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Citation Guides: MLA

Tools for formatting your bibliography and your footnotes

MLA 8th Edition

The Eigth Edition of the MLA, published in 2016, rethinks documentation for an era of digital publication.

MLA's summary of what's new.

Purdue's summary of what's new

Other MLA Links

Here's a link to an MLA style sheet placed on Moodle by the Academic Skills Centre

Purdue University has a guide to MLA style.

A print copy of the MLA Handbook is available on reserve: MLA Handbook for Writers of Research Papers - Reserve LB2369.M53

There is an online tutorial (from Eastern Washington University) for using APA and MLA citation styles.


RefWorks is a program where you can store citations and then use those citations to create a bibliography.  It is designed  for you to keep track of all the sources you use for your essay, such as books, articles, and web pages.

You can then use that list of sources to easily create citations and bibliographies. If you're interested in giving RefWorks a try, go to the Refworks Library Guide, or view one of the online tutorials in the Help section of the library.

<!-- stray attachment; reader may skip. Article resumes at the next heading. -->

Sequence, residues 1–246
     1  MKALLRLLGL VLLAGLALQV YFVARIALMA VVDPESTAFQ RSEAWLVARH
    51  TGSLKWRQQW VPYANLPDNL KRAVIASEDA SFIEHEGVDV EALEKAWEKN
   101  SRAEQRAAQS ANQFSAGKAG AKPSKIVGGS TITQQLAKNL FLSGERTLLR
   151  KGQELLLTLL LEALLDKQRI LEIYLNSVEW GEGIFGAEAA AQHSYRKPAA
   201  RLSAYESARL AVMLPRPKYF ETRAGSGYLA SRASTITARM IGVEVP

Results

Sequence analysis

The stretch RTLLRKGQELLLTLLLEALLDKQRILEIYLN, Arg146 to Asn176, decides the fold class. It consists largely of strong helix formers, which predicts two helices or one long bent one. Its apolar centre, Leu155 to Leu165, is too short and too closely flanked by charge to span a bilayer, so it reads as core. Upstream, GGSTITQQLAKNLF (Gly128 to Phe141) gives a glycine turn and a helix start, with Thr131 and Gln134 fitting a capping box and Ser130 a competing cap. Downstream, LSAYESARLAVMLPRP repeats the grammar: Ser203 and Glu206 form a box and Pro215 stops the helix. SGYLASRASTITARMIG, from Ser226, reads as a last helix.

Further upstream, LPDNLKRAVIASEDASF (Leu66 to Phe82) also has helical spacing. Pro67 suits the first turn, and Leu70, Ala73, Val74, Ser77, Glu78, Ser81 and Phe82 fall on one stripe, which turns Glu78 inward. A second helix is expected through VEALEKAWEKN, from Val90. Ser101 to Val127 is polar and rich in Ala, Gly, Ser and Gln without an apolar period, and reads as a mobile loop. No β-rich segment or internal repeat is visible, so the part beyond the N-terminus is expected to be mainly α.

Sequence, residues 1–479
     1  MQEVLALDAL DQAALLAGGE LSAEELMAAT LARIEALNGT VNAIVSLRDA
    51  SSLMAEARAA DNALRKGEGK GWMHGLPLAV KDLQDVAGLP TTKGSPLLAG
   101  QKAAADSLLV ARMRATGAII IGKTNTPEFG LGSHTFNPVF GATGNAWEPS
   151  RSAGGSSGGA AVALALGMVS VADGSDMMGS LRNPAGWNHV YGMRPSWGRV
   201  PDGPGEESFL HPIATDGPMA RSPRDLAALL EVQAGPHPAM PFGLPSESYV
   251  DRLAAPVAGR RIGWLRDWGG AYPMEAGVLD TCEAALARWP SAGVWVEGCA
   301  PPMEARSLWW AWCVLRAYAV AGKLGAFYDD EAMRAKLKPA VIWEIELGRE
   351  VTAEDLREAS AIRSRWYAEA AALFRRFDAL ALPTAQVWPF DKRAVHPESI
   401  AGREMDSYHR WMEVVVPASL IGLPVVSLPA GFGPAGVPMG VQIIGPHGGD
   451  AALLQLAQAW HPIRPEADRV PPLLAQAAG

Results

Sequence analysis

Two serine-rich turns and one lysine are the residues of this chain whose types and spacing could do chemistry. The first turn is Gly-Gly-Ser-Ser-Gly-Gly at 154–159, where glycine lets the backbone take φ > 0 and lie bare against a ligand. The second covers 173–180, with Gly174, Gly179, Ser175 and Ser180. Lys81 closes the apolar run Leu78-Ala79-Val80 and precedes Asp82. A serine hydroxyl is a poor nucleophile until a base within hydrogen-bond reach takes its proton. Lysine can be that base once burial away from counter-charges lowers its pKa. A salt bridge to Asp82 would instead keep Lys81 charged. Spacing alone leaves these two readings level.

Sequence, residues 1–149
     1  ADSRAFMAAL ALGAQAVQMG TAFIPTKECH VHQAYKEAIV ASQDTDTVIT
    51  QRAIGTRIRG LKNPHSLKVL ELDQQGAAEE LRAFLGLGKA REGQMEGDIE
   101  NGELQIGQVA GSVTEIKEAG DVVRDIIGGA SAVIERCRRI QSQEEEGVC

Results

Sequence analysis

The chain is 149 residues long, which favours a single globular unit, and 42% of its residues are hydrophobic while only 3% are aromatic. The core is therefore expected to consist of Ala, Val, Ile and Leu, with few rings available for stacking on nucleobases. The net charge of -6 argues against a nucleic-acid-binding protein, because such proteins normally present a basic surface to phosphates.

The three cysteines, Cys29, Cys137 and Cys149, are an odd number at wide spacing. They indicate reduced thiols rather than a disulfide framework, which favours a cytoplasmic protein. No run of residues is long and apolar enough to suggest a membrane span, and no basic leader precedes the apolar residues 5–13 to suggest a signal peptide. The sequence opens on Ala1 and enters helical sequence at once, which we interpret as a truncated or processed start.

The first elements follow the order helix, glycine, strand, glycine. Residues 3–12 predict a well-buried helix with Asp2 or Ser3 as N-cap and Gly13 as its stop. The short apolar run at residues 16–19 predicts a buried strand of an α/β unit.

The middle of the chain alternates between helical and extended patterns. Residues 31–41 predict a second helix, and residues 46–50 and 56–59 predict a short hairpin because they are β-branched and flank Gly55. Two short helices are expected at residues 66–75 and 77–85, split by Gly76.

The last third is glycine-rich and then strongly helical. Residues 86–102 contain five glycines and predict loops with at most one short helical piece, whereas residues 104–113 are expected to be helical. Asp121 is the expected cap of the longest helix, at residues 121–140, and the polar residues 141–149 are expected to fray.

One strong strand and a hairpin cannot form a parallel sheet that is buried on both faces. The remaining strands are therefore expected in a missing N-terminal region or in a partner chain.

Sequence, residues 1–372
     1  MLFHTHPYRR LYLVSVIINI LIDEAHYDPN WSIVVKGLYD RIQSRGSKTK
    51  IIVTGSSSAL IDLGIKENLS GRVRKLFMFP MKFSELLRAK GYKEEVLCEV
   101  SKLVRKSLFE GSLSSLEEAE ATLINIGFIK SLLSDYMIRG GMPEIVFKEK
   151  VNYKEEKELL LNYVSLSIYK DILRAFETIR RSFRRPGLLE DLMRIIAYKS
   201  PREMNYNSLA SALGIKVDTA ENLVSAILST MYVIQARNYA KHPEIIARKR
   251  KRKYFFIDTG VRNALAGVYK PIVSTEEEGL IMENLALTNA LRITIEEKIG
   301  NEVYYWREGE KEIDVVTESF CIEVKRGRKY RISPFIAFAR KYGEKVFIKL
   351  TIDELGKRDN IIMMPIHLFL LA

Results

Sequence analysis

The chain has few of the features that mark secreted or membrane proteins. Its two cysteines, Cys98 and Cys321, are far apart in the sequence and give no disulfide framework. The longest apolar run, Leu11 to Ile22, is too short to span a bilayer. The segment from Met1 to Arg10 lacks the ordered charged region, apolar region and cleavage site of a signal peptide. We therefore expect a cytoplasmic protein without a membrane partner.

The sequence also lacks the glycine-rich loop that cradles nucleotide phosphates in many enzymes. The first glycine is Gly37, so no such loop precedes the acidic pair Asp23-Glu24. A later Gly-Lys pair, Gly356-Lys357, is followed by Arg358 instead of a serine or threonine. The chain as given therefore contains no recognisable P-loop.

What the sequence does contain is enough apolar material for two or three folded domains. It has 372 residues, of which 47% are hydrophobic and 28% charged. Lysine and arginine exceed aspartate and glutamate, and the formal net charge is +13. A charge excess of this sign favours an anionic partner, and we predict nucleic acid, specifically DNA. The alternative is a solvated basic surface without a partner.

Bibliography Citations

This is taken directly from Wikipedia


Author's name [last name, first name, middle initial or middle name (as given)]. Title. Place of publication: publisher, date. Print. Supplementary information (if any).

Hodgkinson, Tom. How to Be Idle. New York: Harper, 2005. Print.

Article in a periodical (magazine or journal, as well as newspapers)

Author's name [last name, first name, middle initial or middle name (as given)]. "Article title." Title of periodical Volume number ("for a scholarly journal").[period]issue number ("if available, for a scholarly journal") Date of publication within parentheses ("for a scholarly journal, the year; for other periodicals, the day, month, and year, as available"): Pages ("inclusive"). Print.[2]

Brophy, Mike. "Driving Force." Hockey News 21 Mar. 2006: 16-19. Print.

Kane, Robert. "Turing Machines and Mental Reports." Australasian Jour. of Philosophy 44.3 (1966): 334-52. Print.

If the journal uses only issue numbers, cite the issue number alone.[3]

If citing a "locally-published newspaper" whose city of publication is not in its title, the city is put in square brackets (but not italicized) after the title of the newspaper (178–79).